Friday, June 29, 2007

Boiling Water at Hot Creek—The Dangerous and Dynamic Thermal Springs in California’s Long Valley Caldera

Hot Creek flows through the Long Valley Caldera in a volcanically active region of east-central California. This stretch of the creek, looking upstream to the southwest, has long been a popular recreation area because of the warm waters from its thermal springs. These springs, however, are unpredictable and can suddenly erupt with violence and at boiling temperature. Because of this danger, the U.S. Forest Service has had to close parts of the Hot Creek Geologic Site to visitors. (USGS photo by Chris Farrar.)

The multitude of the hot springs in the Mammoth area Long Valley Caldera of the east Sierra Nevadas south of Mono Lake have long fascinated me. The area has long been unstable, volcanic activity, earthquakes, resurgent dome rebuilding, massive CO2 poisoning of tree roots from volcanic gases, etc.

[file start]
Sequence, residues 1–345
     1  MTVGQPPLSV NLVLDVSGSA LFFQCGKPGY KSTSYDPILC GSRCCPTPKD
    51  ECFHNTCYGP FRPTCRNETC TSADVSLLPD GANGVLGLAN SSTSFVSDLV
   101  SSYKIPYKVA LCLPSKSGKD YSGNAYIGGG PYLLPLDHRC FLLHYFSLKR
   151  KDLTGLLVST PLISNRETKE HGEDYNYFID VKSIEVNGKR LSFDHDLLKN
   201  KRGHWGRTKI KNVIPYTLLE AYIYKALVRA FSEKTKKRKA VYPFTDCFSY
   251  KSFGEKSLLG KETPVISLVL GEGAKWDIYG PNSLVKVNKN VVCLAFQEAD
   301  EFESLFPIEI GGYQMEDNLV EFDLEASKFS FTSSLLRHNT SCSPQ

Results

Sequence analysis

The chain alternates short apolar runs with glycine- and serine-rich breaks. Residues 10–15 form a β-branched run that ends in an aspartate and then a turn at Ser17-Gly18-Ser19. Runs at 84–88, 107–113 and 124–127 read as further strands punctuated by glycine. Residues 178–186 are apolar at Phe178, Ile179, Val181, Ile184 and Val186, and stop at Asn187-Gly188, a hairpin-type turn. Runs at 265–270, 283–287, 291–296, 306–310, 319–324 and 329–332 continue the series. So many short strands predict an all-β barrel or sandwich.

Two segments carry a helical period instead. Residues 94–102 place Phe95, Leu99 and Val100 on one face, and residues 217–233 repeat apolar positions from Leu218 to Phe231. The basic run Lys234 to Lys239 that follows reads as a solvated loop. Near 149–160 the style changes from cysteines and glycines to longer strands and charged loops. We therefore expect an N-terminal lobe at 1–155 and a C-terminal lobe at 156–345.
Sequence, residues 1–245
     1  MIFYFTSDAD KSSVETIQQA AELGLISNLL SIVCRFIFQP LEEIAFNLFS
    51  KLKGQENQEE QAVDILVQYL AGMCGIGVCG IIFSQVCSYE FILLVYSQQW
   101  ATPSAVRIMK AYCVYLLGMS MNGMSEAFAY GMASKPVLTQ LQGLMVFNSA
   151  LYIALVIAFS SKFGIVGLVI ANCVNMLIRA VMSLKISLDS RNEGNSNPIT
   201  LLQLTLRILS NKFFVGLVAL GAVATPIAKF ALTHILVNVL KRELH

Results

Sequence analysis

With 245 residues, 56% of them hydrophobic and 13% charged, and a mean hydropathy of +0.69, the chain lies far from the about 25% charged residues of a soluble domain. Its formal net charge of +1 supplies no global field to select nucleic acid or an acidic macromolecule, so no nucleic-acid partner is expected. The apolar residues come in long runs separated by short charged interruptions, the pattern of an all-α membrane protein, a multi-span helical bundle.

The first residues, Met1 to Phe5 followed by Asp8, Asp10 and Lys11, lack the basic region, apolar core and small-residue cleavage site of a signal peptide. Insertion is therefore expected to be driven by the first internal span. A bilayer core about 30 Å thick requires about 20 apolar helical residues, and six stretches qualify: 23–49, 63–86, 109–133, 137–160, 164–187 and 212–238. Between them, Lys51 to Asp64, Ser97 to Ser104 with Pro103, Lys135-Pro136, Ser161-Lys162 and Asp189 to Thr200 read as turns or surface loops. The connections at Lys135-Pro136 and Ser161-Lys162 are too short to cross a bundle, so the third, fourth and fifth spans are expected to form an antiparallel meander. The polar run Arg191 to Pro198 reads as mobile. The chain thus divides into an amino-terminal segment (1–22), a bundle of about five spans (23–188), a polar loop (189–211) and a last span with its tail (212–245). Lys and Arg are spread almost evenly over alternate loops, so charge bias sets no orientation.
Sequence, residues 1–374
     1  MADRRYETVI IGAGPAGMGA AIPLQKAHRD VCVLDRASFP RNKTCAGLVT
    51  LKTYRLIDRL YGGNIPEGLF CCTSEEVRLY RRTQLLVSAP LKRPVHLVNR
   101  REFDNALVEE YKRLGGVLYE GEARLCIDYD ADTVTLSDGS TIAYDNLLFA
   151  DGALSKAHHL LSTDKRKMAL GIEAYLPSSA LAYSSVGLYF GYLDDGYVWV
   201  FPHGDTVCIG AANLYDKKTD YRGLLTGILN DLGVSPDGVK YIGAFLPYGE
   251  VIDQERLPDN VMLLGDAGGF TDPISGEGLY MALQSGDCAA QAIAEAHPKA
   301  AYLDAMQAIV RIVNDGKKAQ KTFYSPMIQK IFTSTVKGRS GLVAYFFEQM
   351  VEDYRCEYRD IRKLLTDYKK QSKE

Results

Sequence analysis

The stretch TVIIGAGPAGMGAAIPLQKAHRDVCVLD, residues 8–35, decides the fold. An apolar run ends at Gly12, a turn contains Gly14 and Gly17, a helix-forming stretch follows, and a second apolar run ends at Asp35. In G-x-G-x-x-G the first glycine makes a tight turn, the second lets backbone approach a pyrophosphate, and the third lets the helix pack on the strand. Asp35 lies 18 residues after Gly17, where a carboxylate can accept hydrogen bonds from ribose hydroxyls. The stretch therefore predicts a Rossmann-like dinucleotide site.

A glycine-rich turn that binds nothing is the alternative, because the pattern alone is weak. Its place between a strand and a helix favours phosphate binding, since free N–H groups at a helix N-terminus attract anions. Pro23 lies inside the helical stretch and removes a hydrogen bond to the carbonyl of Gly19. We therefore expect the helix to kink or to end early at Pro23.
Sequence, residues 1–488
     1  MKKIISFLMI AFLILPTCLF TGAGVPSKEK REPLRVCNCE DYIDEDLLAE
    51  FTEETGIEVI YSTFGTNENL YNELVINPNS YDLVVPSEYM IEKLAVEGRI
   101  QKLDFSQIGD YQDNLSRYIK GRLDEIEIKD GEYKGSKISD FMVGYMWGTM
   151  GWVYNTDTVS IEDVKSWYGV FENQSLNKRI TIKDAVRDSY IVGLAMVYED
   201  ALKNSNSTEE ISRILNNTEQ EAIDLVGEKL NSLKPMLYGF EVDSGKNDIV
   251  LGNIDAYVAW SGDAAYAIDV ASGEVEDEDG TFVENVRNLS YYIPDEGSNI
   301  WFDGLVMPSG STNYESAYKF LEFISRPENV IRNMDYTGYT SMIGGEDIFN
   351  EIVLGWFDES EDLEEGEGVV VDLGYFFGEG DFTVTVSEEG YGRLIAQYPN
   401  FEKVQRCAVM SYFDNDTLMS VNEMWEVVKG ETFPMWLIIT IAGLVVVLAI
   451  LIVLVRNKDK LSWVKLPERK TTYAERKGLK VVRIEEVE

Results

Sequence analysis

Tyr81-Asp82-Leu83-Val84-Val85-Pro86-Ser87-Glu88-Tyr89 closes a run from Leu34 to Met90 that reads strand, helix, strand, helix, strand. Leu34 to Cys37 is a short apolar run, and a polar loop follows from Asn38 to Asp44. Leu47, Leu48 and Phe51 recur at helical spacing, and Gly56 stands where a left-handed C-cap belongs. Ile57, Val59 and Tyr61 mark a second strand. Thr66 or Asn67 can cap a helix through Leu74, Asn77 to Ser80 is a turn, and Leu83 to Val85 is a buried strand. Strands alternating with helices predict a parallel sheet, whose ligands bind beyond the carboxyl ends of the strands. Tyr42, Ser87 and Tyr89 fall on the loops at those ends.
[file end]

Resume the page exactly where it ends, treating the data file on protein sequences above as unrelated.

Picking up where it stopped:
Now the USGS has released a series of reports on the geologic activity around Long Valley Caldera that make for some enlightening and educational reading for any hot spring afficianado.
Read about the spontaneous boiling water geysers unpredictably erupting from the waters of hot creek and why the Forest Service rightfully closed this once popular hot spring swimming and soaking spot.

Download this report as a four-page PDF document (fs2007-3045.pdf; 5 MB)

Press-quality illustrations, original artwork you may use (CMYK).

Also of interest

Living with a restless caldera - Long Valley, California (USGS Fact Sheet 108-96)
Invisible CO2 gas killing trees at Mammoth Mountain, California (USGS Fact Sheet 172-96)
Future eruptions in California’s Long Valley area-what's likely? (USGS Fact Sheet 073-97)

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